Arginine was first isolated from lupin and pumpkin seedlings by the German chemist Ernst Schulze and his assistant[7] Ernst Steiger, they confirmed and published the structure in 1886.[8]

Sources[edit]

Dietary sources[edit]

Arginine is a conditionally essential amino acid in humans and rodents,[9] as it may be required depending on the health status or life cycle of the individual, for example, while healthy adults can supply their own requirement for arginine, immature and rapidly growing individuals require arginine in their diet,[10] and it is also essential under physiological stress, for example during recovery from burns, injury and sepsis,[10] or when the small intestine and kidneys, which are the major sites of arginine biosynthesis have been damaged.[9] It is, however, an essential amino acid for birds, as they do not have a urea cycle,[11] for some carnivores, for example cats, dogs[12] and ferrets, arginine is essential,[9] because after a meal, their highly efficient protein catabolism produces large quantities of ammonia which needs to be processed through the urea cycle, and if there is not enough arginine present, the resulting ammonia toxicity can be lethal.[13] This is not a problem in practice, because meat contains sufficient arginine to avoid this situation.[13]

Animal sources of arginine include meat, dairy products and eggs,[14][15] and plant sources include seeds of all types, for example grains, beans, and nuts.[15]

Biosynthesis[edit]

Arginine is synthesized from citrulline in arginine and proline metabolism by the sequential action of the cytosolic enzymes argininosuccinate synthetase (ASS) and argininosuccinate lyase (ASL). This is an energetically costly process, because for each molecule of argininosuccinate that is synthesized, one molecule of adenosine triphosphate (ATP) is hydrolyzed to adenosine monophosphate (AMP), consuming two ATP equivalents.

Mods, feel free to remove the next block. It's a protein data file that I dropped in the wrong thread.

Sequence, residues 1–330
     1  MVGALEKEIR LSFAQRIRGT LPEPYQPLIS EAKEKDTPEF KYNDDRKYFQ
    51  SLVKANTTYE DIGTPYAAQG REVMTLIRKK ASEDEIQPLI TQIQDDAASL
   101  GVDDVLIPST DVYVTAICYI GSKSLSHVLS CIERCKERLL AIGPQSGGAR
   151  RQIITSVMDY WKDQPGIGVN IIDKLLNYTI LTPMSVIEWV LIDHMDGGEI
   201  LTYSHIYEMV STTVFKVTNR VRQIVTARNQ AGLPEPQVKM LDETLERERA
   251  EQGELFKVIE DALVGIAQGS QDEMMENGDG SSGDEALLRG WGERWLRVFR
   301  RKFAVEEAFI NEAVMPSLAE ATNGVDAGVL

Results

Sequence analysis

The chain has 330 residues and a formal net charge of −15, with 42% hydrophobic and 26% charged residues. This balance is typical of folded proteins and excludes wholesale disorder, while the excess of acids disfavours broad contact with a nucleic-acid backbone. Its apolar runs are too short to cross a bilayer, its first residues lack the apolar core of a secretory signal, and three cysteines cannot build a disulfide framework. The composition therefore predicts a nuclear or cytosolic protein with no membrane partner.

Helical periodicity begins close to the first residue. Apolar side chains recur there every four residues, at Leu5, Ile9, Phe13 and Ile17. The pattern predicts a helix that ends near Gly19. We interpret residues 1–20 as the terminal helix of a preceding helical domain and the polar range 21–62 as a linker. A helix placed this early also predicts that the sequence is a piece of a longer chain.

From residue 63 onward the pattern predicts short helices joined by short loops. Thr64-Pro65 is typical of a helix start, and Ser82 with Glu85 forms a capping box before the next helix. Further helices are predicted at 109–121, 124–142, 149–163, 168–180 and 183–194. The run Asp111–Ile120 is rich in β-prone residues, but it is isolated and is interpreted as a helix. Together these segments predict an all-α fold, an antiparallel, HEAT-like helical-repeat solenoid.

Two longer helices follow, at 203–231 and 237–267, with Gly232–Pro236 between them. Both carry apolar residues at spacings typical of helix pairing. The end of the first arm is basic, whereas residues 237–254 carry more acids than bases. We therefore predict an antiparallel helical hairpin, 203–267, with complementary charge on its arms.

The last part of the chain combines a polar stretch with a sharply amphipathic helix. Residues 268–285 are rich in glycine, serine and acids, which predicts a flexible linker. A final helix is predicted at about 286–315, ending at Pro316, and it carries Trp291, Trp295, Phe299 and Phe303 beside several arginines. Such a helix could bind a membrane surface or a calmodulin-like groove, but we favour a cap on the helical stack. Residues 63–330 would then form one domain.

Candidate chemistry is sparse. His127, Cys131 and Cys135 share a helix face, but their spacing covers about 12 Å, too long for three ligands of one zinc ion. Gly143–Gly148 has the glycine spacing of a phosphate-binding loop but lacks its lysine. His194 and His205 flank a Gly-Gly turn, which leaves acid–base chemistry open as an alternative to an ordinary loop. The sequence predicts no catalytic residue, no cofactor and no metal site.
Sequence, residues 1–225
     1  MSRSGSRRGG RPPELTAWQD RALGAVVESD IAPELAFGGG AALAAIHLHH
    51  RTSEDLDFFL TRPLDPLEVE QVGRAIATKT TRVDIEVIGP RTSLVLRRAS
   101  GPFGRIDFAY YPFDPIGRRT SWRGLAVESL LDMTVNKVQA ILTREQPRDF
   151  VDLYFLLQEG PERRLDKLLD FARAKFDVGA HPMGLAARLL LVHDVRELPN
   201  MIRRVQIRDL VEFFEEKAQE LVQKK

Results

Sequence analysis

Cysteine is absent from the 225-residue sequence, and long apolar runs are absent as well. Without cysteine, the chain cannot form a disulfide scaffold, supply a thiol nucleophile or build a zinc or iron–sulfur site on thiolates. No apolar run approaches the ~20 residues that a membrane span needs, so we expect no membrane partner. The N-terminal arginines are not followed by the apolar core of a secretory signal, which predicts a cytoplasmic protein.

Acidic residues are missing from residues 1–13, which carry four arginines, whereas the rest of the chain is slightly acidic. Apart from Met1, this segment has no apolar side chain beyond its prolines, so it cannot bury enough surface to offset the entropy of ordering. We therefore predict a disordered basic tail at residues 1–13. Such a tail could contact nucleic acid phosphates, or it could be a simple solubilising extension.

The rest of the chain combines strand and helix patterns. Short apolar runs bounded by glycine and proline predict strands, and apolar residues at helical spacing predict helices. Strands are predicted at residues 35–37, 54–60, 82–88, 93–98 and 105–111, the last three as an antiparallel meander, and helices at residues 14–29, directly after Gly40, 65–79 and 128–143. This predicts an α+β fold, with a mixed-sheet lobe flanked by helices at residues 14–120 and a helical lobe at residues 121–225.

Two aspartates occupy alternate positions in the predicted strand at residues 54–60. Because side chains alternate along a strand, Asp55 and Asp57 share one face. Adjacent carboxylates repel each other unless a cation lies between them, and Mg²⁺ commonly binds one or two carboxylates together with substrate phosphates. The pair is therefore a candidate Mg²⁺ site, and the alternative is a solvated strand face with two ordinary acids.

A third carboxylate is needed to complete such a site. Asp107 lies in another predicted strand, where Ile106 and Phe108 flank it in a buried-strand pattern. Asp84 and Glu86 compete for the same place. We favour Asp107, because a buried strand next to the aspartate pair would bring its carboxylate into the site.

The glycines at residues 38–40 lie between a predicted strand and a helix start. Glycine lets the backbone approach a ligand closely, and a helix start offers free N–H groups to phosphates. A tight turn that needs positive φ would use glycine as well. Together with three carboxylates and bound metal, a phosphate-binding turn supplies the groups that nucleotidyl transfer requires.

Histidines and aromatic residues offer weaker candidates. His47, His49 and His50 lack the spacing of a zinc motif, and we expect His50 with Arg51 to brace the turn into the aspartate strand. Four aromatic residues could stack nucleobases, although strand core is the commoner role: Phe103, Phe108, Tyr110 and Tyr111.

Citrulline can be derived from multiple sources:

The pathways linking arginine, glutamine, and proline are bidirectional. Thus, the net utilization or production of these amino acids is highly dependent on cell type and developmental stage.

On a whole-body basis, synthesis of arginine occurs principally via the intestinal–renal axis: the epithelial cells of the small intestine produce citrulline, primarily from glutamine and glutamate, which is carried in the bloodstream to the proximal tubule cells of the kidney, which extract citrulline from the circulation and convert it to arginine, which is returned to the circulation. This means that impaired small bowel or renal function can reduce arginine synthesis, increasing the dietary requirement.